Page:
Solution: Adding an accessory like a monitor arm or even using books to prop up your monitor will work. Unless you’re in a shared working environment, you should be able to find the proper separation and then leave it. The distance between where you type on your keyboard and view your monitor remain the same while seated or standing.
Varidesk Is Not Stable
The Varidesks best stability can be found when in a low position. Once it is raised up it becomes bouncy and that only increases the higher the unit raises. When it is fully extended it moves up and outward, creating additional stability issues.
Solution: The Varidesk Pro Plus is inherently unstable when extended to standing height. Unfortunately, converters will only be as stable as their weakest link; the desk that they rest on. While the Varidesk isn’t the most stable option, it can be improved upon by making the desk, it rests on, more stable.
Varidesk Has Awkward Raising Motion
The Varidesk Pro Plus 36 has a lifting motion that actually moves up and then out towards the user. This not only creates stability issues, but limits where the product can be used. If you are in a cubicle or small office with limited space this will be an problem.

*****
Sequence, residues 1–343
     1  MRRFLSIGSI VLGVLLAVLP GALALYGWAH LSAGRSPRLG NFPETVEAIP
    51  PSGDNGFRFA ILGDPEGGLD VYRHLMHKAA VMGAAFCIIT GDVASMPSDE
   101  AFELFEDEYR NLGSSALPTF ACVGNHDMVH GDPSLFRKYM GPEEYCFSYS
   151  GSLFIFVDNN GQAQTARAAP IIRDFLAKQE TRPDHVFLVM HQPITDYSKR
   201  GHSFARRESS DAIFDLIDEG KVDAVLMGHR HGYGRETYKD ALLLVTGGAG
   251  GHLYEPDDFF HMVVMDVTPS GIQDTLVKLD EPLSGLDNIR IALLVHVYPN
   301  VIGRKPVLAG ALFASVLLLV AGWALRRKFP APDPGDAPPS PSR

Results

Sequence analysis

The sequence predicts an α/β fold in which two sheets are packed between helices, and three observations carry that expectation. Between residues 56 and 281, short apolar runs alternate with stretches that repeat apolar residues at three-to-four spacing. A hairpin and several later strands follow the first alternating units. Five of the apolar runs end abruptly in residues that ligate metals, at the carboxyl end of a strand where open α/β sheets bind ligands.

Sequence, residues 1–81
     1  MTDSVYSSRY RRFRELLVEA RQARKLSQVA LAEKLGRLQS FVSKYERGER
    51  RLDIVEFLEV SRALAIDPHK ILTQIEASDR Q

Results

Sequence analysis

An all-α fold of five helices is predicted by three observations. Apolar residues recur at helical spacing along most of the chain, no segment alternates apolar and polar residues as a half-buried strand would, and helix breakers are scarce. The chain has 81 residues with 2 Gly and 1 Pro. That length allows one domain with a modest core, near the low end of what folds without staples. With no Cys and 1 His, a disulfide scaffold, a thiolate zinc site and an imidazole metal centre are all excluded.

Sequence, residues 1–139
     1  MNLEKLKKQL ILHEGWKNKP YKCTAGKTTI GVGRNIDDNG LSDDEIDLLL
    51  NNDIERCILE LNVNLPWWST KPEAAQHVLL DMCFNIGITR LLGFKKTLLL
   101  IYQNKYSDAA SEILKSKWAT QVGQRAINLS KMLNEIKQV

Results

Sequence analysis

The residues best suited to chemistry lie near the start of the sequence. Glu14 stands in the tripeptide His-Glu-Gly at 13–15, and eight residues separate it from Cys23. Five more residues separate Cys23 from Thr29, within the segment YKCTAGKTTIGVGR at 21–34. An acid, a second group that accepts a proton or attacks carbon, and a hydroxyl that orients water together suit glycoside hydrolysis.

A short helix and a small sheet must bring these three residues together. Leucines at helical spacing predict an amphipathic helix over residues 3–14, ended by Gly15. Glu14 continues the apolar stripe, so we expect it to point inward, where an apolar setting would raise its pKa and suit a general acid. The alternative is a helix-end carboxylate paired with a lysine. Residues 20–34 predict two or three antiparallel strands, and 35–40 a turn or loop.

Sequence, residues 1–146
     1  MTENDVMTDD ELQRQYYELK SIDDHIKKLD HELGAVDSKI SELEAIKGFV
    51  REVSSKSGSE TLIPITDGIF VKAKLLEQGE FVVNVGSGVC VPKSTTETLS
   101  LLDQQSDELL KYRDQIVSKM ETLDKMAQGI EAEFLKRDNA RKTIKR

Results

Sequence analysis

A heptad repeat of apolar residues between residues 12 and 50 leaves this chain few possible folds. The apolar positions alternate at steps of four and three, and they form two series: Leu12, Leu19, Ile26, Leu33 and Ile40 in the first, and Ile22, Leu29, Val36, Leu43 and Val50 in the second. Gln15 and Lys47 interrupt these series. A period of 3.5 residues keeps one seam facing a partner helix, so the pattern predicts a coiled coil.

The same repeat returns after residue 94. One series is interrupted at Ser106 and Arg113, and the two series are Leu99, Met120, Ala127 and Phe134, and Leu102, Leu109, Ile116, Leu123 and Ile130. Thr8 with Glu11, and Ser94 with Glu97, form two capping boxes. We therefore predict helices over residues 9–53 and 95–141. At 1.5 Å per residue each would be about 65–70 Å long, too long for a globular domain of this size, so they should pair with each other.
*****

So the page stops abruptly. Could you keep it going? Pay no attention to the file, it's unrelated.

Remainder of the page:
Solution: Depending on how your office is designed, the easier solution would be to move your existing desk to create additional standing space. If you are in a small office with limited space, products like the Ergotron Workfit T utilize a better vertical adjustment motion.
While the Varidesk Pro Plus series has been one of the best options to provide an easy switch to standing, recently many alternatives have surfaced. Varidesk has done a great job offering a product that ships fully assembled and easily adjusts from sitting to standing. Unfortunately, they have failed to recognize problems that have existed within their Pro Plus Series and others have capitalized on this. Awkward raising motions and limited working space are things that could easily be improved. The Varidesk Pro Plus will continue to be a very popular product, but for those looking for a better alternative, other options finally exist and some even cost less than Varidesk.
Standing Desk Converter Resources
- VertDesk Standing Desk Converter (Review / Rating / Pricing)
- Flexispot M2 35″ Sit Stand Desk Converter (Review / Rating / Pricing)
- VariDesk Pro Plus 36 Stand Up Desk Converter (Review / Rating / Pricing)
- Top 6 Most Stable Standing Desk Converters
- Top 5 FlexiSpot Alternatives and Competitors
- The 5 Best VariDesk Alternatives and Competitors